The Parliamentary Under-Secretary of State, Department of Health (Lord Hunt of Kings Heath): My Lords, the intention of the Commission for Patient and Public Involvement in Health is to have patients forums in place as soon as possible from 1st September. From that date there will be: new, different and better ways of supporting patients; patients' advice and liaison services; overview and scrutiny committees; expert patient programmes; patient environment access teams; and a duty on the NHS to involve and consult independent complaints advocacy services and the commission itself.

Earl Howe: My Lords, does the Minister recall that during the Committee stage of the National Health Service Reform and Health Care Professions Bill last April he gave an explicit assurance that CHCs would not be abolished until patients forums were in place and that no gaps would be left in the system? Am I right in understanding from his reply that some areas

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of the country may not in fact be served by a fully functioning patients forum or advocacy service until some indefinite time after 1st September? Is that not a very serious matter? Will the Minister take it upon himself to ensure that the Government's decision about the abolition date is revisited with the utmost urgency?

Lord Hunt of Kings Heath: My Lords, it was certainly the intention to ensure that CHCs remained in place and that there would be a smooth transition programme. The fact is that it is becoming clear that many CHCs are facing problems in terms of losing both their staff and their membership. The judgment has been made that it would be better to give people a clear date for the winding up of community health councils, at the same time ensuring that the mechanisms that we are putting in place—including patient advice and liaison services, overview and scrutiny committees of local government and all other mechanisms—will be put in place as quickly as possible.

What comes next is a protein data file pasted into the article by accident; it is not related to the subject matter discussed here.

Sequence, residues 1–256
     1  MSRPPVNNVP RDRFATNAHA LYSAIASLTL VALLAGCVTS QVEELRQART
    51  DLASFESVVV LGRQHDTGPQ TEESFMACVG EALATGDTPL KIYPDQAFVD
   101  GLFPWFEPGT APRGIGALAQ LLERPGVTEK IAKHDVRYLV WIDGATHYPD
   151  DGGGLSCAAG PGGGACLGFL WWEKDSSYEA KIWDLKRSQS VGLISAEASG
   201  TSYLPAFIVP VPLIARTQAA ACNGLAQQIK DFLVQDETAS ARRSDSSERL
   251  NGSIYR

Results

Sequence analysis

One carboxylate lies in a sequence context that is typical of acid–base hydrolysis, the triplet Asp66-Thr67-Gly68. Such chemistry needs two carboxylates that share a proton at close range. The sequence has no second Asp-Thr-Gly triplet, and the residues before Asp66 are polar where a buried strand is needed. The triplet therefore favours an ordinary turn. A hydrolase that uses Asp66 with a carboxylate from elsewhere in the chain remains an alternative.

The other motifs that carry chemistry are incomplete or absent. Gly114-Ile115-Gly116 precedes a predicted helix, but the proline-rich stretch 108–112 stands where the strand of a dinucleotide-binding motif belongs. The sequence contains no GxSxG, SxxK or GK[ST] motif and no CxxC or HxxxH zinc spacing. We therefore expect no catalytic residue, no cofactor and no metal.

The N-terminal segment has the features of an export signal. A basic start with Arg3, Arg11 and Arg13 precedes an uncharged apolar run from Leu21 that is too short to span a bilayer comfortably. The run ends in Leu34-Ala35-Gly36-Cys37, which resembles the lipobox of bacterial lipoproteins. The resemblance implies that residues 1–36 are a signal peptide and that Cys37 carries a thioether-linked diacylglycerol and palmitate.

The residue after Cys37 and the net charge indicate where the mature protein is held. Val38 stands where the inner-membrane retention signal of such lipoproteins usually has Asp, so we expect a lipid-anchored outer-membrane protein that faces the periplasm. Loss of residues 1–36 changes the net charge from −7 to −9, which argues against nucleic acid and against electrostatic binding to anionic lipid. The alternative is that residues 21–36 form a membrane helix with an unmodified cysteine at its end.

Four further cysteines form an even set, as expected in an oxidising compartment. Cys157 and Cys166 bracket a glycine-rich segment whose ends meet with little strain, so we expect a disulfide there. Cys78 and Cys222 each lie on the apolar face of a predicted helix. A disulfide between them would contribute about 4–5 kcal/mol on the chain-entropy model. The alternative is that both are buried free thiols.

Lord Clement-Jones: My Lords, is the Minister aware that our suspicions are being confirmed by what he and his colleagues have said over the past few days, with under-resourcing and delay taking place in the formation of PALS and ICAS. What are the Government doing to secure the continuing services of experienced CHC staff in the gap between 1st September and the creation of PALS? What assurance can the Minister give about the creation of the independent complaints advocacy service, which is vital and on which no information has been given?

Lord Hunt of Kings Heath: My Lords, in terms of funding, the noble Lord will know from our previous debates that we are still discussing the exact amount of funding to be made available, but that it will undoubtedly be more than CHCs are currently allocated. So far as concerns independent advocacy services, of course it is our intention that those services will be available to all people in England from 1st September. The Commission for Patient and Public Involvement in Health will be operating a national helpline. We will, of course, ensure that any paperwork in relation to individual complaints will be transferred to the appropriate body around 1st September.